After many years experience providing administrative and accounting support for small business owners, nonprofits, and corporations, I feel I’ve found my true vocation in editing. I’m motivated to edit pretty much everything I can get my hands on: book manuscripts, short stories, articles, blogs, interviews, dissertations, websites. More recently, I've also become the editor of the podcast Deep Transformation: Self-Society-Spirit, where I have the pleasure of playing with the words and ideas of the illustrious podcast guests when I write up the descriptions and Topics & Time Stamps for the podcast episodes.
I work easily with people, both directly and long distance. Highly detail-oriented, I enjoy editing in all its facets: from taking dictation by the author to then take home and edit, to structural and stylistic content editing, copy/line editing, proofreading, and indexing. I’ve always enjoyed jobs where I have the opportunity to make order out of chaos, and now I want to turn that skill into helping new writers get their voices out into the world in the most meaningful and polished way possible.
It happens that even very intelligent and wise people whom I admire self-publish books that I want to read—but when the first several pages are chock full of mistakes and typos, I cringe and set the book down. I'd like to prevent this happening with the rest of you new authors, and have the opportunity to correct all the glaring mistakes and help make the words flow smoothly and the meaning be very clear.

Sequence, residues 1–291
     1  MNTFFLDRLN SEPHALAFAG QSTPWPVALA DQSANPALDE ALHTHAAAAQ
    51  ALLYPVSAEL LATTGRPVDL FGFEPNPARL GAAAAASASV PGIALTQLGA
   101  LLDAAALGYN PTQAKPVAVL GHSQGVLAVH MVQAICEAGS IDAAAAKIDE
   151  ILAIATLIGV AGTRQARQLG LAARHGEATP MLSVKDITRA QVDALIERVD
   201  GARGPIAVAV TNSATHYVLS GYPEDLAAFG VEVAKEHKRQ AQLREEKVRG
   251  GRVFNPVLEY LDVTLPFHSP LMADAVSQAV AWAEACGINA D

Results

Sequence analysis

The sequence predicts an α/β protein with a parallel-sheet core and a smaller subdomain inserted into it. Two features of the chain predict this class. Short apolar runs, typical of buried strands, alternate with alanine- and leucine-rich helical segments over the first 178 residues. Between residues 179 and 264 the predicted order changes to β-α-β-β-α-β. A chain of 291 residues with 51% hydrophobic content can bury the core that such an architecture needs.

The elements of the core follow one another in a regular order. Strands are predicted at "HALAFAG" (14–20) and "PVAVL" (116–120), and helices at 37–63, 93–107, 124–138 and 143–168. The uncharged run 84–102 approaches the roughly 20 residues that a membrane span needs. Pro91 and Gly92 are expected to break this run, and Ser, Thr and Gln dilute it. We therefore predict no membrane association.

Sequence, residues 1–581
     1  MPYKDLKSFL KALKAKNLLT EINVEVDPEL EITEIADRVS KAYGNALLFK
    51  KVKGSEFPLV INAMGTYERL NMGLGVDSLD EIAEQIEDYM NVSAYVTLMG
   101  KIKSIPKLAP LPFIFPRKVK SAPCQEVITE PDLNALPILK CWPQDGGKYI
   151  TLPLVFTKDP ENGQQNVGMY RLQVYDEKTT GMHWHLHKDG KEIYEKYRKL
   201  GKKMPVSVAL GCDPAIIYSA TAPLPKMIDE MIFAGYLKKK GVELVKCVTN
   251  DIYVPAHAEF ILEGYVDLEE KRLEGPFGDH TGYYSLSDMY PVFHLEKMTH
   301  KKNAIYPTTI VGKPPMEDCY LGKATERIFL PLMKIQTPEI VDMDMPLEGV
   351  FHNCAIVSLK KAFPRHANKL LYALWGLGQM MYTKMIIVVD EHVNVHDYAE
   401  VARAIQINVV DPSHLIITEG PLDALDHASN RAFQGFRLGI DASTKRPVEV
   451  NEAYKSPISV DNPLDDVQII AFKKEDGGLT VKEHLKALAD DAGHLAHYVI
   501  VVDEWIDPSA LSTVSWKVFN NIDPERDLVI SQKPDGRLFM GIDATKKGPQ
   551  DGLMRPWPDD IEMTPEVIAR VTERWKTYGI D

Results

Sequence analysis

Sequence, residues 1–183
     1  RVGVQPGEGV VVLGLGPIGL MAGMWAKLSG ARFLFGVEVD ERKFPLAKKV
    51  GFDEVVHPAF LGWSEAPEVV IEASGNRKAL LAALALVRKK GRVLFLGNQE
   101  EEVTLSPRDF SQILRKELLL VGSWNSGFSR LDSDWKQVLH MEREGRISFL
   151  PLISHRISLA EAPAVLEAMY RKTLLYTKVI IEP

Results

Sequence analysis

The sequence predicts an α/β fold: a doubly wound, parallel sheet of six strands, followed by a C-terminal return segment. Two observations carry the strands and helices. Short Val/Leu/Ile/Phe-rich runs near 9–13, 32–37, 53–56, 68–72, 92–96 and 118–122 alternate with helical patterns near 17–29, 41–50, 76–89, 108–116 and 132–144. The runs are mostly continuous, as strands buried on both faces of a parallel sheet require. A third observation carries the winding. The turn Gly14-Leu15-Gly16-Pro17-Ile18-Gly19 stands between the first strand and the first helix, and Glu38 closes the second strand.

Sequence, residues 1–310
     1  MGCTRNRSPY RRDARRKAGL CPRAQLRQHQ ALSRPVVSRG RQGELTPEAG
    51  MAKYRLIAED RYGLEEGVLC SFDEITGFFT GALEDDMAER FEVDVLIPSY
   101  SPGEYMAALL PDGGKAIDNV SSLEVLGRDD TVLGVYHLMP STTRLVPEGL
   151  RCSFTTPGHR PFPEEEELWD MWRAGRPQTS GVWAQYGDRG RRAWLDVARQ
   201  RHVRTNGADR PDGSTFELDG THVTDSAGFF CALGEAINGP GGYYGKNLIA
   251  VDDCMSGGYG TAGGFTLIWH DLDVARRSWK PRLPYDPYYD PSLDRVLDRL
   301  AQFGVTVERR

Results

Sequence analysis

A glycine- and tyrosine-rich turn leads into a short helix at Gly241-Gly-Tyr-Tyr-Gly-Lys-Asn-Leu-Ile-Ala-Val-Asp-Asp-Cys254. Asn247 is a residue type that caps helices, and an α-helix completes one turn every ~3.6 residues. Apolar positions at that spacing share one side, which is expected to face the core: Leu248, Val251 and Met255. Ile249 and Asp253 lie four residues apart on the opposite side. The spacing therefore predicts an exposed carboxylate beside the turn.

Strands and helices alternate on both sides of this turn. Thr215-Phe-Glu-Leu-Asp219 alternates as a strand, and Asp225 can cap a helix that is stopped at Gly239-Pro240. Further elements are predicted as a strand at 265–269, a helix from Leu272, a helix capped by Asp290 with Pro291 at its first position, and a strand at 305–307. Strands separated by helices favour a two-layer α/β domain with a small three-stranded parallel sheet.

I like to work with authors whose first language is not English. I speak fluent German and a bit of French, a smattering of Greek, and am sympathetic to what international authors intend to say, even if the words they use are awkward at first.
I have a good radar for smooth-like-butter phrases, and when I’m editing, I simply turn on the radar, and it’s like magic: the moment something sounds jarring, uncomfortable, repetitive, out of place, or irksome, it sends off a small alarm, and I know that’s where I need to jump in and smooth it out. The same thing happens with grammar. My grammar radar shouts, “Comma!” every time I sense there’s a missing comma, and the same thing goes for semi-colons, quotation marks, italics, colons, dashes, and spelling mistakes. I know I am not alone in this; it runs in the blood of virtually all editors born to this work.
Editing makes me feel like a Victorian seamstress working on a dress dummy: just pull those stays tighter and tighter and eliminate the excess till the figure only retains what really counts, popping with curves and style.